Investors will have to suffer downsides if they want to see returns
Investing in bear markets requires three traits. The first trait in order of rank is to bear downside risk. The second trait is to think ahead and the third trait is conviction. Investors having two out of three of these traits can also invest in bear markets, but of that bearing downside risk is of primary importance.
Bearing downside risk
Downside risk is the risk of your investments losing money due to depreciation in value. In bear markets investing in equities will have downside risk. The risk varies with the security. The index (Nifty or Sensex) will have the least risk followed by large cap stocks, mid cap stocks and small cap stocks. The levels of equities in bear markets may look good in terms of many factors including valuations, however every level will be tested by the market. For example Nifty may have looked good at 5500, 5300,5000 and 4700. Investors buying into the Nifty at 5500 with a long term point of view will hesitate to buy the Nifty at 4700 as they have already seen depreciation of 15% on their investments. The 15% depreciation is the downside risk the investor is taking when investing in the Nifty at 5500.
Investors unfortunately do not see it that way. The look at it as instead of making money they have lost money and that prevents them from staying invested or investing further sums of money at lower levels. It is a common investor trait and has no rational attached to it. No investment will make money from day one. Markets by nature are volatile and there will be upsides and downsides. In bear markets, investors will have to suffer downside risk when they buy and in bull markets investors will have to suffer upside risk when they sell. Hence investing in today’s markets with the Nifty at 4800 levels and the Sensex at 16,000 levels with return expectations of over 25% will come with downside risk in the form of the Nifty and the Sensex going down further by 10%.
Investors will have to judge the downside risk they can bear. If they can tolerate higher downside risk they should look at individual stocks but if they can only tolerate lower downside risk they should stick to the index. Bear market investments will always lose money first before giving higher than average returns.
Investors buying in bear markets will have to have a vision of the future and that vision should look bright. If the vision does not look bright then there is no reason to buy stocks in bear markets, as the investment will definitely turn sour before becoming sweet. The sentiment is bear markets are bad and everywhere one looks there will be negative news. Investors will have to filter out negative news to look at the positives, if any, and then take investment decisions.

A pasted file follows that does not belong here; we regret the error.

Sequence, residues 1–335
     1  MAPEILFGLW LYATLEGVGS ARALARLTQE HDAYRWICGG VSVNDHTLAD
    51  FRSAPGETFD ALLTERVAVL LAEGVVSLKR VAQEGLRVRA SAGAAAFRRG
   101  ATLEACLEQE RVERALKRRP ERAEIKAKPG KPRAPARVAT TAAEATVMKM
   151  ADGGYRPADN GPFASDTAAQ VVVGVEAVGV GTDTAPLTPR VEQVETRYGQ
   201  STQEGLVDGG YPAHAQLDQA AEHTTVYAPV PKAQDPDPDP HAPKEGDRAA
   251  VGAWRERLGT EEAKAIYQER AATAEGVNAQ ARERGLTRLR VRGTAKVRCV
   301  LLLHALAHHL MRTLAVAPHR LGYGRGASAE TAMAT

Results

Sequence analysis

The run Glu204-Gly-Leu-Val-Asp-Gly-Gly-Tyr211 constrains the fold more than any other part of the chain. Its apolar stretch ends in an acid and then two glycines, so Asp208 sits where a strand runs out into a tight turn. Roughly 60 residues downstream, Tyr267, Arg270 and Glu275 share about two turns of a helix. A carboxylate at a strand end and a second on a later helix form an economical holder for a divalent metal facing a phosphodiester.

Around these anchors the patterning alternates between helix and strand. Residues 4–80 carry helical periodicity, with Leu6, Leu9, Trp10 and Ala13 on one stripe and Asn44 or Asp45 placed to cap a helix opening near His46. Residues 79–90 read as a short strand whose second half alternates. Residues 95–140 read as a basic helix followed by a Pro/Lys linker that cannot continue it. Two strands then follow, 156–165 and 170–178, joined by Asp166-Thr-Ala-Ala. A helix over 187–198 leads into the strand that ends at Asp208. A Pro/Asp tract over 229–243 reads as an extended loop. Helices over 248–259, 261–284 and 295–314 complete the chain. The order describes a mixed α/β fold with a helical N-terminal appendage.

Today’s news is all about sovereign debt crisis, fall in rupee, scams, corporate debt burden etc. In all this, sovereign’s are pledging to cut deficit, RBI and government is acting against in inflation, corporates are cutting costs and looking to prune debt and become productive and investors are becoming more risk averse. All these are positives out of the negatives as it will strengthen economies and corporates down the line while investors will demand their price for investing.
Bear markets will test one’s conviction. Everyday news will be bad, investments will depreciate in value at the blink of an eye and there will be more reasons to sell rather than buy. Bear markets by definition are markets where prices continuously fall and usually one knows one is in a bear market when prices have fallen sharply bringing down sentiments along with it. Investing in such markets require a lot of conviction of how the future will pan out.
The Nifty and Sensex are in the fourth year of a bear market and are at least 20% below levels seen in late 2007 and early 2008. Many stocks have lost more than 75% of their value in the last four years. Investors will need to have conviction that this bear market will not last for another four year before investing in such markets.
Bear market turnaround happens without one realising it. Prices will first stagnate at lower levels before trending higher. Oversold markets will see sharp rises from lows at first before stabilising and then again trend up as more investors realise value in stocks. These are actually the first signs of a bull market and investors will have to have conviction to catch this initial bull phase of the market.
Bull markets too behave the same way as bear markets. Investors require to stomach loss in profits to sell in bull markets. Investors would have to think ahead of potential risks on sustained rise in prices of assets. Conviction to sell will have to be there to exit bull markets. Thinking back if investors had these traits when the market was peaking out in 2007 a lot of money would have been saved.